Square Off- Is Cyberterrorism Being Thwarted

Wayne Crews NO: Government should increase efforts to collaborate with the private sector. More legislation isn't the answer.

Computer attacks like MyDoom, Sobig, and others have caused billions of dollars in global economic damage. MyDoom proved to be the world's fastest-spreading virus ever, sending out more than 100 million contaminated E-mails in its first 36 hours last January. And that's just one virus. The past 18 months have yielded a record number of even more sophisticated worms and other cyberattacks.

In their wake, questions abound about Washington's cybersecurity emphasis and whether it's sufficient. In September, Department of Homeland Security's cybersecurity czar, Amit Yoran, who had warned of a digital Pearl Harbor, abruptly resigned—the third administrator to do so—amid rumors of his frustration with the lack of attention paid to computer security at the agency.

Of course, it's not certain how much any government can do in this regard. What's clear is that proposing more legislation—which has been the government's answer to making the Internet more secure—hasn't done much good. The private sector needs to resolve the problems.

For example, last year's Can-Spam Act did little to stop the problem. On the contrary, it may even have inspired businesses to begin sending unsolicited E-mails. Moreover, the law doesn't address cyberthreats directly: The bad guys don't obey the law, and many viruses originate abroad and, therefore, aren't subject to U.S. regulation.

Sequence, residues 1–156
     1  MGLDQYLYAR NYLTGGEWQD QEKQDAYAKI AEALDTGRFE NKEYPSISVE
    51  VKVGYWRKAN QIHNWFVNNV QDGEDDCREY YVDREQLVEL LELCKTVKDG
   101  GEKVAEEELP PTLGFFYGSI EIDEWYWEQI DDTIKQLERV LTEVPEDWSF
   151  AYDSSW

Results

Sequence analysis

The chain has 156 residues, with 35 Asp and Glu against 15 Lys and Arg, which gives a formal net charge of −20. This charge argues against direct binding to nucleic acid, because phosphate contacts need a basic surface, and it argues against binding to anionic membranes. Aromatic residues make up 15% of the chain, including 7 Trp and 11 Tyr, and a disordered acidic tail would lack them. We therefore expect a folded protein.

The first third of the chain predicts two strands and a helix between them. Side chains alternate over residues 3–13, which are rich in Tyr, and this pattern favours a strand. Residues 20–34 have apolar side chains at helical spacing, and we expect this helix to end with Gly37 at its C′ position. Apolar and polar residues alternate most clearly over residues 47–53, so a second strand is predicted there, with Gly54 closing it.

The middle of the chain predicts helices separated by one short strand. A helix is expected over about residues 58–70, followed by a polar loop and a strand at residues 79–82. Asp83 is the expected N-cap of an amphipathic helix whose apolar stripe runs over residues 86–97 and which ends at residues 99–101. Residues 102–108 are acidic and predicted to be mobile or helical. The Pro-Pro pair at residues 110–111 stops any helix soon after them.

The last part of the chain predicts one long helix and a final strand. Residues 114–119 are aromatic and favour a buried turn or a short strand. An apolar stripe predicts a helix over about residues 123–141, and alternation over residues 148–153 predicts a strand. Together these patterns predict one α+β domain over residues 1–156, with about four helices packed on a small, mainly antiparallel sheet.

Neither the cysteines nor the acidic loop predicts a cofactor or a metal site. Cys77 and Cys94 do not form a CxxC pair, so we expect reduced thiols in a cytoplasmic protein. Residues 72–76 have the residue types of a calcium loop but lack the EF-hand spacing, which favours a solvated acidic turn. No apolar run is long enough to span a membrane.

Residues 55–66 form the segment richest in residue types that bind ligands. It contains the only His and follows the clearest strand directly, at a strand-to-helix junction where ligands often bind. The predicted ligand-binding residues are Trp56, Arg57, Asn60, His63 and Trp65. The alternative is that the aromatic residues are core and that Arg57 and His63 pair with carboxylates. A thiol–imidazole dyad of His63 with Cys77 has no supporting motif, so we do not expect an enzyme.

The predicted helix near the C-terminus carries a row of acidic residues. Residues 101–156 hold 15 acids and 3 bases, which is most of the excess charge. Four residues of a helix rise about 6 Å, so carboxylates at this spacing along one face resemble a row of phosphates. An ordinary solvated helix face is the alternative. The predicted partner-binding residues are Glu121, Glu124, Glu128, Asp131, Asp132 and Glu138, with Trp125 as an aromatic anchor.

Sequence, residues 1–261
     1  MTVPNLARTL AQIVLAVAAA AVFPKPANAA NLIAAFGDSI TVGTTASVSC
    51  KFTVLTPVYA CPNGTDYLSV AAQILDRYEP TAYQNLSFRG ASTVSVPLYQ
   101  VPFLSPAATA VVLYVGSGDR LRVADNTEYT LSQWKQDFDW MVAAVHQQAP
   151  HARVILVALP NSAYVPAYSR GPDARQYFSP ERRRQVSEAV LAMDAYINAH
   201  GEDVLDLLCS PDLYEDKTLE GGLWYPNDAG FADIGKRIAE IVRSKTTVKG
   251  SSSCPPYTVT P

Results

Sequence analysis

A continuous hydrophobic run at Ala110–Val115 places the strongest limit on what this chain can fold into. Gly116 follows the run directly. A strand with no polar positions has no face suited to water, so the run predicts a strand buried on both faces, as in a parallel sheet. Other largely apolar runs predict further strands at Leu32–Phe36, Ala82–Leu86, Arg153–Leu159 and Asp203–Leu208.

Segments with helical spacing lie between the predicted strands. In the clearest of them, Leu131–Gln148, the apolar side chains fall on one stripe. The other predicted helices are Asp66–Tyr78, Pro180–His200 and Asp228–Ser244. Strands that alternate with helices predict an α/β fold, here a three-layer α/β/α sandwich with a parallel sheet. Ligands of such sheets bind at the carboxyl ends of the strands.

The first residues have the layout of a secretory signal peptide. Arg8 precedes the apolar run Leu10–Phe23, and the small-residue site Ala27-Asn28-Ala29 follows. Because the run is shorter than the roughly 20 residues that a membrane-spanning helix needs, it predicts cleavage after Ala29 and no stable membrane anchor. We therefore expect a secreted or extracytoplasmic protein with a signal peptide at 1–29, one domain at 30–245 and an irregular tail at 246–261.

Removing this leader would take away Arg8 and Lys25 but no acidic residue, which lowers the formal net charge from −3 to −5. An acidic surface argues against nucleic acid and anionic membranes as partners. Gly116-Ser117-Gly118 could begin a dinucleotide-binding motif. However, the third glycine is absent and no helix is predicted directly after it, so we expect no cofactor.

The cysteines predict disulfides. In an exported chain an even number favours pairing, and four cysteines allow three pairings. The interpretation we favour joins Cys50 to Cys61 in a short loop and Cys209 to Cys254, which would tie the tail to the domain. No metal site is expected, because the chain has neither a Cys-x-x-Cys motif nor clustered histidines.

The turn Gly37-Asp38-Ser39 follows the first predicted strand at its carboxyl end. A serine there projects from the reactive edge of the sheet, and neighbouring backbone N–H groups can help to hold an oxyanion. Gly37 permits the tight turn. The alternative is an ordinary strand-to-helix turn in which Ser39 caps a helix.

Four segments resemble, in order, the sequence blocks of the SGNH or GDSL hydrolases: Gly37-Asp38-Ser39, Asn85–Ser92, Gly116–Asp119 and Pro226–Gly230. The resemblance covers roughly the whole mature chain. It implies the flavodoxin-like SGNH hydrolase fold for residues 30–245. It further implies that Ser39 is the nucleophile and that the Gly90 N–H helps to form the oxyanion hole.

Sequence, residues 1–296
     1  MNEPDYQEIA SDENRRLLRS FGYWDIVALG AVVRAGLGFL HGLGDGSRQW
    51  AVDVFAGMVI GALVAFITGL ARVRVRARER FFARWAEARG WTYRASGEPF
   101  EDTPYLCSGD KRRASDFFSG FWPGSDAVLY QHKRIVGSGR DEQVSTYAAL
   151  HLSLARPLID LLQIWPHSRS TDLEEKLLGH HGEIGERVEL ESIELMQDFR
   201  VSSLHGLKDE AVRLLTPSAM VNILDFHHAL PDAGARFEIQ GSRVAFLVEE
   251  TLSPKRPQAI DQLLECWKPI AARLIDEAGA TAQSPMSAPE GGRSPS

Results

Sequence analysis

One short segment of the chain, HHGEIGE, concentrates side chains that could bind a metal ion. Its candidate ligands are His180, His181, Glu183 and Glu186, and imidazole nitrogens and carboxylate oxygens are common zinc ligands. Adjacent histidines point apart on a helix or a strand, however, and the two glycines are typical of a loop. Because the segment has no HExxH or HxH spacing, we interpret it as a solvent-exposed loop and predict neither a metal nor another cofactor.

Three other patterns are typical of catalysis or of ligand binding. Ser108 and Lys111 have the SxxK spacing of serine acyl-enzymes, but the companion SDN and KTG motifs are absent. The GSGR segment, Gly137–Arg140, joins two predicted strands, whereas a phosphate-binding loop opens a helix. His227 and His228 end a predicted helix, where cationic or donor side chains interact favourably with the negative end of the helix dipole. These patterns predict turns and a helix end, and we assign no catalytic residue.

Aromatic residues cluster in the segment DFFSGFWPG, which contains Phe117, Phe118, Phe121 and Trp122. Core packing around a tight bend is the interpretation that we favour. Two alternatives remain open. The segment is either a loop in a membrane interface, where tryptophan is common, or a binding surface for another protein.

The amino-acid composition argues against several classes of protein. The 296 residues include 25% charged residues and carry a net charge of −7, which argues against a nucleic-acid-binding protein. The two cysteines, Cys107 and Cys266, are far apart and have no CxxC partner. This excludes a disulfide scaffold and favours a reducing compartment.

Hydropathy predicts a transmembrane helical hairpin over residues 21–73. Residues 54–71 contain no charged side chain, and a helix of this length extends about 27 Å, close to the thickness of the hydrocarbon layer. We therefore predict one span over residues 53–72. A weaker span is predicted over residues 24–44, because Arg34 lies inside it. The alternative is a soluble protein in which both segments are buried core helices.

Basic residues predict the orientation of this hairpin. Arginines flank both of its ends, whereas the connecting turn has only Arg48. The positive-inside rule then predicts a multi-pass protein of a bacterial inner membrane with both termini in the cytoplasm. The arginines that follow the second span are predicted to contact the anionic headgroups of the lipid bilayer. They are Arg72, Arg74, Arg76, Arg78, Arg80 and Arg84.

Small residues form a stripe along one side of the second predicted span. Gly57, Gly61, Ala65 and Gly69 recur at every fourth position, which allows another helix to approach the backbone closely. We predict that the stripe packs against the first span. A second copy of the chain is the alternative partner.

This impulse toward regulatory solutions has been a mistake. The government should focus on arresting computer criminals, not on cyber-regulations. In addition, the Bush administration itself should make sure it doesn't become a cybersecurity risk by undermining individual privacy in this age of proposed national ID cards to regulate encryption.

What the government can do is protect its own networks and set internal government-security product standards to get its own house in order. In addition, the administration should increase efforts to collaborate with the private sector. Private-sector experimentation in cybersecurity is necessary. The marketplace is increasingly forced to address cybersecurity, and efforts are under way, such as Microsoft's automating of security. Important cybersecurity concerns surround information sharing, anonymity, and questions of insurance and liability-all issues that CIOs and chief security officers deal with every day.

When the market makes mistakes—for example, spam blacklists—it's easier to change than bad government legislation.

Private innovations in security can create an environment where insurers feel more comfortable offering liability coverage. In addition, businesses could develop authentication technologies far more capable than those we have today. If vendors were starting from the ground up, it's likely they'd invent new solutions to put authentication at the core of a fully commercial network.

Even in the best case, it's not clear what government could really fix. But if government continues on its current path, a lot more could break.

C. WAYNE CREWS is VP for policy and director of technology studies at the Competitive Enterprise Institute, a non-profit group.

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